Marcel Duchamp (1887-1968)
In the later years of Marcel Duchamp’s life, he liked to say that he was simply a “respirateur,” a “breather.” After a lifetime of pursuing art and perfecting his game of chess, Duchamp had evolved into a work of art himself. He did not have to justify or explain his art or way of life, that was up to his interviewer and posterity. His main responsibility in life: to breathe, long and deep, taking in this world’s oxygen just the same as any other mortal man.
While the name Duchamp may not ring a bell, you have surely seen or heard about one or two of his works. For example, he is the artist that painted a jaunty mustache on a postcard reproduction of the Mona Lisa (1919). He also submitted, under the same R. Mutt, an inverted urinal to an art show (1917). Although the urinal was rejected from the show, it has become a legendary anti-sculpture.
I came to admire Duchamp’s self-described title as “respirateur” after reading Duchamp: A Biography by Calvine Tomkins. He was a man who lived his life by his own rules, unafraid to fly in the face of a conventional life and all its creature comforts. He breathed and he created things. In a world suffused with material objects, he transformed the mundane into art by making his “readymades.” He took a regular snow shovel, inscribed a cryptic title, signed it and it was art. Or was it? His art went beyond the visual and material elements associated with art and made his audience think and ask the question: what is art? (What would Duchamp have said about the CowParade?)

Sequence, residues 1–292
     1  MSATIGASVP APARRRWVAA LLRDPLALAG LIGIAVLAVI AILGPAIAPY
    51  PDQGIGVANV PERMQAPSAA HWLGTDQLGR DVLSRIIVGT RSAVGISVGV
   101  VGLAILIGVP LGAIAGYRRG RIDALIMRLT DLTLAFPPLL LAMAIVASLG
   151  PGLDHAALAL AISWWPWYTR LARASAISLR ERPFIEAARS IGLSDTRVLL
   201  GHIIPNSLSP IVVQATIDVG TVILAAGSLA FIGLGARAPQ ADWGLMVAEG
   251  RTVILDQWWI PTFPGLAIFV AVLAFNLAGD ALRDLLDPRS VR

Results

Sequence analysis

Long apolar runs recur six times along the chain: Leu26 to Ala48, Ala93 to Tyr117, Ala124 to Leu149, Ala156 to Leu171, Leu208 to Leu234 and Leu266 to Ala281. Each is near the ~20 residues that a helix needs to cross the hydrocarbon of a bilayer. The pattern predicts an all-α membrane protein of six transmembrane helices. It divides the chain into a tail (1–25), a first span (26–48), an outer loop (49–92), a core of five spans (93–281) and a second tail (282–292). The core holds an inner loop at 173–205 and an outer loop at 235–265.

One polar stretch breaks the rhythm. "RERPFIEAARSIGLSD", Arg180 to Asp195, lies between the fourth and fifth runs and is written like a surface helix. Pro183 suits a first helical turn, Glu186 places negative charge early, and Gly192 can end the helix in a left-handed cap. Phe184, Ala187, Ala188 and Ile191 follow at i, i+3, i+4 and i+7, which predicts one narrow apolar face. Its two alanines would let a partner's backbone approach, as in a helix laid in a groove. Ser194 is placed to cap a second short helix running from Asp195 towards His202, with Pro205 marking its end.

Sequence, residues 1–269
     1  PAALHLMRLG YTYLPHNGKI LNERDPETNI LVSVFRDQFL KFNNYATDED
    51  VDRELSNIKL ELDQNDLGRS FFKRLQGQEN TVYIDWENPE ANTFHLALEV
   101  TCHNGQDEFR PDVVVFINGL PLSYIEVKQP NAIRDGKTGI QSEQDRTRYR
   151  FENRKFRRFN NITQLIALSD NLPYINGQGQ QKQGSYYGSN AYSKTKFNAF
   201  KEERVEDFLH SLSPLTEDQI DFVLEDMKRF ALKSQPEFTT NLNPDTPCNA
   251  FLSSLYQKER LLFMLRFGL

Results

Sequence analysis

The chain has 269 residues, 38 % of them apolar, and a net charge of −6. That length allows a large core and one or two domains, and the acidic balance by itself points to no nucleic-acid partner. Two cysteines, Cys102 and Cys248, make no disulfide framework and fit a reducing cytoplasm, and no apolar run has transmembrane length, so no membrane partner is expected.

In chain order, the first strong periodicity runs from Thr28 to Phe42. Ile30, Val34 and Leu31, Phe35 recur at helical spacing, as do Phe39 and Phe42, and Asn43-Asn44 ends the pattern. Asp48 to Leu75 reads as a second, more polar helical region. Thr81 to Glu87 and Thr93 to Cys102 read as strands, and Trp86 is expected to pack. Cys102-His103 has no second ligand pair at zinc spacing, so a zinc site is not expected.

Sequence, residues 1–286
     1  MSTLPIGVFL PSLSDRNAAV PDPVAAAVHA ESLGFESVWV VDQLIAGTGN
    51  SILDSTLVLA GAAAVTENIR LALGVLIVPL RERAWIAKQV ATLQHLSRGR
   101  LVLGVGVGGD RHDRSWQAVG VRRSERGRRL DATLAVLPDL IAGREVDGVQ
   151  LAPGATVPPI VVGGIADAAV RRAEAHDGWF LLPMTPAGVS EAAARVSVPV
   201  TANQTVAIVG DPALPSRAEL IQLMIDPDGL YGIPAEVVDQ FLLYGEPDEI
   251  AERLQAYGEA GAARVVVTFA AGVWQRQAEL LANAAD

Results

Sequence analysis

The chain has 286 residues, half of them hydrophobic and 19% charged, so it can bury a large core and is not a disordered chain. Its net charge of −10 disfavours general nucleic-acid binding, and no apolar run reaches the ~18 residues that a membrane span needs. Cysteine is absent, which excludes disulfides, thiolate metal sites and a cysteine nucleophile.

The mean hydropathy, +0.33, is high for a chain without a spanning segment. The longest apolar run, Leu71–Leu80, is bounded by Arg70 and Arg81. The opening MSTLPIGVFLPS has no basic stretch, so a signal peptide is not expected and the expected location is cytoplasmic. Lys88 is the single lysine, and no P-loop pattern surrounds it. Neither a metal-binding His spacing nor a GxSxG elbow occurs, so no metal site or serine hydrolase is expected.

Duchamp inspired young artists to think freely, think boldly about both art and life. Some criticized Duchamp for all the bad art that sallied forth in the late twentieth century. And there has been some regrettable artwork. And yet I have to say that Duchamp has inspired me in a positive way. It is my job to be a “respirateur.” For too long I have been enslaved by doctrinal dictates and good-girl standards that compel me to observe and serve the world. Being a good-girl perfectionist, the observe-and-serve mandate dictates when it should merely guide.
First, one must breathe and then one can observe and just observe. Only then can I witness to what I see. Witness by my writing. By my art. And finally by my actions.
Duchamp taught me that it is okay to merely observe the world. In fact, it may be the finest act of humility there is. Of course, to accurately observe the world—to see truthfully what there is and what there should be—is enough for a lifetime. Practically, his life and art have also given me permission to write my novel by my own rules.
Timeline and pictures of his art.